Conclusion: There is a wide heterogeneity of postoperative cerebral hemodynamic findings among TBI patients who underwent DC, including hemodynamic heterogeneity between their cerebral hemispheres. DC was proved to be effective for the treatment of cerebral oligoemia. Our data support the concept of heterogeneous nature of the pathophysiology of the TBI and suggest that DC as the sole treatment modality is insufficient. Introduction Decompressive craniectomy (DC) may effectively decrease intracranial pressure (ICP) and increase cerebral perfusion pressure (CPP) in traumatic brain injury (TBI) patients with refracto...
Source: Frontiers in Neurology - Category: Neurology Source Type: research
Ahmed Mohamed Elhfnawy1*, Peter U. Heuschmann2, Mirko Pham3†, Jens Volkmann1† and Felix Fluri1,4 1Department of Neurology, University Hospital Würzburg, Würzburg, Germany 2Institute of Clinical Epidemiology and Biometry, University of Würzburg, Würzburg, Germany 3Institute of Diagnostic and Interventional Neuroradiology, University Hospital of Würzburg, Würzburg, Germany 4Department of Neurology, Kantonssptial St. Gallen, St. Gallen, Switzerland Background and Purpose: Internal carotid artery stenosis (ICAS)≥70% is a leading cause of ischemic cerebrovascular event...
Source: Frontiers in Neurology - Category: Neurology Source Type: research
We report a rare case of MIE mimicking an acute ischemic stroke, and hypothesize the relationship between the findings of CTP and that of MRI based on the anatomical connection of the dentate nucleus and the cerebral hemisphere. PMID: 30078820 [PubMed - as supplied by publisher]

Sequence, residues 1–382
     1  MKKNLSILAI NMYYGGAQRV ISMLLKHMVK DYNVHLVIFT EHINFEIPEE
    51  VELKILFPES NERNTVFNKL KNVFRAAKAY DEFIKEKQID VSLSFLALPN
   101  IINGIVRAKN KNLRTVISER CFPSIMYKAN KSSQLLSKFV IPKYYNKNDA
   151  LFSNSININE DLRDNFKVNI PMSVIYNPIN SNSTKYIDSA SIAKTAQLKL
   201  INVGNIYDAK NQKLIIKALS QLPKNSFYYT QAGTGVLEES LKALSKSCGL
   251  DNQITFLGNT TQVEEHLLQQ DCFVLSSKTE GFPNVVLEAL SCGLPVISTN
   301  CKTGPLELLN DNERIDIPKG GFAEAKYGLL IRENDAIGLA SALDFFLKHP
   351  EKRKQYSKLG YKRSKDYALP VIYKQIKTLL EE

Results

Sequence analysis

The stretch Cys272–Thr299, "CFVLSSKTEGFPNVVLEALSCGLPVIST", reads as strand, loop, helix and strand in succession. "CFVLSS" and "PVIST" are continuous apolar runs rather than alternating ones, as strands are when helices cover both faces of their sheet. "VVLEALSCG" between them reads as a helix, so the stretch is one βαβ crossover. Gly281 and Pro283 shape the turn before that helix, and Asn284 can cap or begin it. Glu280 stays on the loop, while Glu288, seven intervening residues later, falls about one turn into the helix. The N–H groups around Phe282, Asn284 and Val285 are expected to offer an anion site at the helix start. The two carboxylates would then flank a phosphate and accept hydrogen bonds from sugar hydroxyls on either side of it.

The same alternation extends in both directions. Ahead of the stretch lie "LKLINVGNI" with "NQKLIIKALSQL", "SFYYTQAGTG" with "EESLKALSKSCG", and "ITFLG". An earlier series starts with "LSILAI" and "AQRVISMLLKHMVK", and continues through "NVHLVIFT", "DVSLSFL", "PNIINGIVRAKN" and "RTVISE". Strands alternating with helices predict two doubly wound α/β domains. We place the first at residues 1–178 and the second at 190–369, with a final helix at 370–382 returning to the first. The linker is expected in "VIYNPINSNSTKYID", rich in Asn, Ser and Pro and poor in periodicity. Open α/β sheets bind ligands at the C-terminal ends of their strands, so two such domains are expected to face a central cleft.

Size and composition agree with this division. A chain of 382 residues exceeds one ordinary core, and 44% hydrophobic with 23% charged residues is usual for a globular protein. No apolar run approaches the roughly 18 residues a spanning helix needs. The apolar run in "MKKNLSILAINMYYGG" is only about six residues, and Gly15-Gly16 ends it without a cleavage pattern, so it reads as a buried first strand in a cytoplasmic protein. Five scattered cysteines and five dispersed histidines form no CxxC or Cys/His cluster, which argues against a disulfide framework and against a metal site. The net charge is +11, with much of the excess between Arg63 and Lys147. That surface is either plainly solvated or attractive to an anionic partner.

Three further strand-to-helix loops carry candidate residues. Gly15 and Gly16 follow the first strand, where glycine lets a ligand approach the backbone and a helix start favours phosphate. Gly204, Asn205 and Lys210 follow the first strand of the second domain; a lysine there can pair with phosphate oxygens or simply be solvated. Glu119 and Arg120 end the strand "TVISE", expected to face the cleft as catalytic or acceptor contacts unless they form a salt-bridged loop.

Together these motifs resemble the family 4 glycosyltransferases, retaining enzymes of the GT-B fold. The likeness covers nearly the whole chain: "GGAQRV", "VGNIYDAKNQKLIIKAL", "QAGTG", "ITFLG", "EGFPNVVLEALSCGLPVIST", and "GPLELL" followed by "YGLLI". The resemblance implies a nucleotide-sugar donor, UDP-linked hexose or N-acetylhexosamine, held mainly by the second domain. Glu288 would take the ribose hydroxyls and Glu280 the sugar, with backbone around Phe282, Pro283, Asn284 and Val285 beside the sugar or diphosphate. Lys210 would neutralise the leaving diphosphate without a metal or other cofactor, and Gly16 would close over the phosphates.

Source: Neurologia Medico-Chirurgica - Category: Neurosurgery Tags: Neurol Med Chir (Tokyo) Source Type: research
ConclusionsThe proportion of patients with acute stroke and large vessel occlusion presenting within 8 hours that would meet radiological criteria for endovascular stroke trials varies considerably (62–100%) in a cohort outside of clinical trials from an academic comprehensive stroke center. Thus, the radiological criteria used for candidate selection in daily practice will greatly influence the proportion of patients treated with endovascular therapy.
Source: Journal of Neuroradiology - Category: Radiology Source Type: research
AbstractHemorrhagic transformation (HT) is one of the most feared complications of acute recanalization therapies. The aim of this study was to evaluate whether blood-brain barrier permeability (BBBP) imaging can predict HT in the setting of acute recanalization therapy and to determine the sensitivity and specificity of BBBP for the prediction of HT according to the type of reperfusion therapy. We assessed a total of 46 patients who received recanalization therapy (intravenous (IV) recombinant tissue plasminogen activator (tPA), mechanical thrombectomy with a stent retriever or both) for acute ischemic stroke within the i...
Source: Neurological Sciences - Category: Neurology Source Type: research
​BY NOURA MAHDI; DARRON LEWIS; JEREMY OSBORNE; &AHMED RAZIUDDIN, MDA 73-year-old man was brought to the emergency department from his nursing home for rectal bleeding and anemia. The patient mentioned he had had episodes of bright red rectal bleeding and constipation for a few months. A colonoscopy had been done prior to the visit, which revealed a large intestine tumor and biopsy confirming adenocarcinoma. He was awaiting an appointment with his surgeon.The patient reported bloody rectal leakage, and a CBC done at the nursing home showed a hemoglobin level of 7.2. He also complained of dyspnea but denied any other s...
Source: The Case Files - Category: Emergency Medicine Tags: Blog Posts Source Type: research